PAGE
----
Experiments carried out in conscious guinea pigs suggest that citric acid-evoked coughing is partly mediated by transient receptor potential vanilloid type 1 (TRPV1) receptor-dependent activation of tachykinin-containing, capsaicin-sensitive C fibers. In vitro electrophysiological analyses indicate, however, that acid also activates capsaicin-sensitive and -insensitive vagal afferent nerves by a TRPV1-independent mechanism, and studies in anesthetized guinea pigs show that coughing evoked by acid is mediated by activation of capsaicin-insensitive vagal afferent nerves. In the present study, we have characterized the mechanisms of citric acid-evoked coughing in anesthetized guinea pigs. Drugs were administered directly to the Krebs buffer perfusing the extrathoracic trachea. Citric acid was applied topically to the tracheal mucosa, directly into the tracheal perfusate in increasing concentrations and at 1-min intervals. Citric acid dose dependently evoked coughing in anesthetized guinea pigs. This was mimicked by hydrochloric acid but not by sodium citrate. The coughing evoked by acid was nearly or completely abolished by TTX or by cutting the recurrent laryngeal nerves. Perfusing the trachea with a low Cl− buffer potentiated the acid-induced cough reflex. In contrast, prior capsaicin desensitization, 10 μM capsazepine, Ca2+-free perfusate, 0.1 μM iberiotoxin, 1 μM atropine, 10 μM isoproterenol, 10 μM albuterol, 3 μM indomethacin, 0.1 μM HOE-140, a combination of neurokinin1 (NK1; CP-99994), NK2 (SR-48968), and NK3 (SB-223412) receptor antagonists (0.1 μM each), a combination of histamine H1 (3 μM pyrilamine) and cysLT1 (1 μM ICI-198615) receptor antagonists, superior laryngeal nerve transection, or epithelium removal did not inhibit citric acid-evoked coughing. These and other data indicate that citric acid-evoked coughing in anesthetized guinea pigs is mediated by direct activation of capsaicin-insensitive vagal afferent nerves, perhaps through sequential activation of acid-sensing ion channels and chloride channels.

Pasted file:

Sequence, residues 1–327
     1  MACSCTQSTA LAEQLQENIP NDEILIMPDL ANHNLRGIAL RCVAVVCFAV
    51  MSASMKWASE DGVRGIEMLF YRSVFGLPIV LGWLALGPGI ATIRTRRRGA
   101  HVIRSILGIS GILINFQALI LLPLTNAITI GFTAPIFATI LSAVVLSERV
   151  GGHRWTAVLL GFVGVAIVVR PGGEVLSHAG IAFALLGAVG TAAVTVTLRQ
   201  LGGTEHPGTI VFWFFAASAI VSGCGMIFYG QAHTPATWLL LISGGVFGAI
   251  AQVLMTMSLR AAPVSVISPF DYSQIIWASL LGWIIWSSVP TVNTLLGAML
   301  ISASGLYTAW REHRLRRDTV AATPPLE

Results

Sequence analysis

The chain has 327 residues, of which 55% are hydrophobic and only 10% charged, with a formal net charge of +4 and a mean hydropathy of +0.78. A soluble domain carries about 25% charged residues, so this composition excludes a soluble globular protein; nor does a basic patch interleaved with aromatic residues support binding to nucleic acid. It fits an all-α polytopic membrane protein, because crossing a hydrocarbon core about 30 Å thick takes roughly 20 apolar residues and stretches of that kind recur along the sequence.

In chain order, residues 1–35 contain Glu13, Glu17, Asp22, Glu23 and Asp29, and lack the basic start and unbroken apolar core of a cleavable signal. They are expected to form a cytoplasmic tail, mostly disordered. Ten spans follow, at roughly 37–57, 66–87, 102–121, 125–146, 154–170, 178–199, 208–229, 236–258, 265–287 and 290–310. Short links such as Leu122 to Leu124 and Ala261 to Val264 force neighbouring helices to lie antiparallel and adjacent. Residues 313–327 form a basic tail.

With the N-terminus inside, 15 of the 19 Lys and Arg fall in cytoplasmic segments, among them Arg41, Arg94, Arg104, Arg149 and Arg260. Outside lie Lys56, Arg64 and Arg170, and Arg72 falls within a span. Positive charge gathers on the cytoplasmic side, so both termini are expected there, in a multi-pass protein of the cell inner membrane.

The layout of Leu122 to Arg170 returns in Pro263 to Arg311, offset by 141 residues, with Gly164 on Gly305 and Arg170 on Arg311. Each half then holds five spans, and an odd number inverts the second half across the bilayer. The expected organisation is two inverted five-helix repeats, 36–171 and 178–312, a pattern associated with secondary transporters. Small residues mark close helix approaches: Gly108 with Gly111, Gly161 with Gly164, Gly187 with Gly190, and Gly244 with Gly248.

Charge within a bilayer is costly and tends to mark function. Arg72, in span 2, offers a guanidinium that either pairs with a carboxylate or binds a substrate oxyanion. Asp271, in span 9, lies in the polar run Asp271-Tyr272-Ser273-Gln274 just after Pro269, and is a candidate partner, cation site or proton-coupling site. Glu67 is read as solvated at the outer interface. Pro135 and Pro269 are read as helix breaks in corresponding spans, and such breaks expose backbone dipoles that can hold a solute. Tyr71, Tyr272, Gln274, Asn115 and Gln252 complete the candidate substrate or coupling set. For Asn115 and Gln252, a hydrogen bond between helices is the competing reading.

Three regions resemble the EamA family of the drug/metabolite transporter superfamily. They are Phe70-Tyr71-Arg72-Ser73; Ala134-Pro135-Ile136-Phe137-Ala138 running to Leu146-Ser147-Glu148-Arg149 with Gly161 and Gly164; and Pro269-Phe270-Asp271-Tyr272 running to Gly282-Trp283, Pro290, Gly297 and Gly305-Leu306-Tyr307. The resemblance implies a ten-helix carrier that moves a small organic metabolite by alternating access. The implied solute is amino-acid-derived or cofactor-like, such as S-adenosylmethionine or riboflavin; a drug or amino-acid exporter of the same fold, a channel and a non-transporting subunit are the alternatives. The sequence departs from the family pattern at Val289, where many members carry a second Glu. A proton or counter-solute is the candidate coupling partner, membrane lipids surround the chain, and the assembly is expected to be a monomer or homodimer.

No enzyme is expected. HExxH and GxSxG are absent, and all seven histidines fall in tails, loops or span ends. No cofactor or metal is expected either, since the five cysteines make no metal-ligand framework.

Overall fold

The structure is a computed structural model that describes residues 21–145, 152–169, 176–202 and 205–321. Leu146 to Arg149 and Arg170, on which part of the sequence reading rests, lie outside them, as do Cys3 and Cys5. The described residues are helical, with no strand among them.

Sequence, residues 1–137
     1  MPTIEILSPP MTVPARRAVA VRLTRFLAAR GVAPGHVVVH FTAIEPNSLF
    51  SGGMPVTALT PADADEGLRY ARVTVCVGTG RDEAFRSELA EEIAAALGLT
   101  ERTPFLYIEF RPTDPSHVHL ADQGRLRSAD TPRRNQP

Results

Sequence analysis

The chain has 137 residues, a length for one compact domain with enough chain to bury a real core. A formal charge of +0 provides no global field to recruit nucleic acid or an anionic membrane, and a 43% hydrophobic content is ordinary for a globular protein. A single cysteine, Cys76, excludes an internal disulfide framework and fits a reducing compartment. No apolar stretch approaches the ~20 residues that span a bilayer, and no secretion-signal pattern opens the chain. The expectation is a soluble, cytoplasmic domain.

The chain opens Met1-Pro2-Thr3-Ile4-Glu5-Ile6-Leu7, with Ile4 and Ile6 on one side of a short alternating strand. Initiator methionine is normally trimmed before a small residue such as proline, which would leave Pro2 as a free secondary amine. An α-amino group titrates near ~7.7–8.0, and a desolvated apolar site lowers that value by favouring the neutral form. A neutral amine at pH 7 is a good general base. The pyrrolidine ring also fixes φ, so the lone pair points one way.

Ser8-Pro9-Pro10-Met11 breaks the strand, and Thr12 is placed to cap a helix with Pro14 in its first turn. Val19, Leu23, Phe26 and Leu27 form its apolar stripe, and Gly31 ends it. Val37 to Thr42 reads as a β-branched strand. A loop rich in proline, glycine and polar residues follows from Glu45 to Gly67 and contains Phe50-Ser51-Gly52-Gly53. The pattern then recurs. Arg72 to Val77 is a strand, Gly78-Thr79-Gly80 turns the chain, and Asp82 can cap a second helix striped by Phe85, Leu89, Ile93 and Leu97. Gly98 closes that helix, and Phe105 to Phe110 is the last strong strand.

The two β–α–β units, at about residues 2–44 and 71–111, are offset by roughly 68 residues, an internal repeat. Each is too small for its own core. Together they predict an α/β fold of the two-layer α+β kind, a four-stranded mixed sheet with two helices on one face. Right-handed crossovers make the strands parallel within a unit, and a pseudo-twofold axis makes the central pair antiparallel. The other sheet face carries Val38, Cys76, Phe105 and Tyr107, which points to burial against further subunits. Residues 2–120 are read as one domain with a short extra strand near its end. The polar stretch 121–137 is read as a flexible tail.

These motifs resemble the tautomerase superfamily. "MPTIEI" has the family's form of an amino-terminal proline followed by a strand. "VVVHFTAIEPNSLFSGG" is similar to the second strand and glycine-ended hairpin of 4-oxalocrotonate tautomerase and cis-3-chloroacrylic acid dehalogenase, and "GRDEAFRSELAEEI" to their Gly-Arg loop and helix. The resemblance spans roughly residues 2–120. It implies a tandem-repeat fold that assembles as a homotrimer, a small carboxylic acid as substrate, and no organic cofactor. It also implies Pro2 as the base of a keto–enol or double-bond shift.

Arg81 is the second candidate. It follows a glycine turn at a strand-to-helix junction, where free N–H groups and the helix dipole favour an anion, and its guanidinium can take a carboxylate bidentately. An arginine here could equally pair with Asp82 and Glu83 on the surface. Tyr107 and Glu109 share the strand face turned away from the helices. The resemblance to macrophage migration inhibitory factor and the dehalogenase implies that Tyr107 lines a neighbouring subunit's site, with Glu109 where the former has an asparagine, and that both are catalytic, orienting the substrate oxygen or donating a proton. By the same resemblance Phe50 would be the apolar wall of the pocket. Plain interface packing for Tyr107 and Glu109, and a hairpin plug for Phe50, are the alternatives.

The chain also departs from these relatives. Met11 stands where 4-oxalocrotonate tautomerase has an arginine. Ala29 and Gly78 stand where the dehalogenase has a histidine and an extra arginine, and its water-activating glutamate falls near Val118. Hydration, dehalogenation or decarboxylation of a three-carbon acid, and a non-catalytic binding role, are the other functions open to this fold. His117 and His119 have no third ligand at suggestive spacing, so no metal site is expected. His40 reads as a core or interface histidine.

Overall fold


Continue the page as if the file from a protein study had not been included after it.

- rapidly adapting receptor
citric acid and tartaric acid are used routinely in clinical and preclinical studies of the cough reflex (15, 27, 35). In conscious guinea pigs, citric acid-evoked coughing is inhibited by the capsaicin receptor transient receptor potential vanilloid type 1 (TRPV1) antagonists capsazepine and iodo-resiniferatoxin or the TRPV1 channel blocker Ruthenium Red, and can also be inhibited by neurokinin1 (NK1), NK2, and/or NK3 receptor antagonists (1, 2, 7, 18, 34, 54, 55). The acid-evoked coughing is mimicked by inhalation of the TRPV1 receptor agonists capsaicin, resiniferatoxin, and anandamide in both animals and human subjects, and prior capsaicin desensitization abolishes citric acid-evoked coughing in awake guinea pigs (10, 25, 35, 50). Because the only tachykinin-containing nerves innervating the airways of normal, uninflamed guinea pigs are capsaicin-sensitive C fibers (21, 32 49, 56), these data provide overwhelming evidence that acid-evoked coughing in conscious guinea pigs is dependent on activation of capsaicin-sensitive, tachykinin-containing vagal afferent C fibers innervating the airways.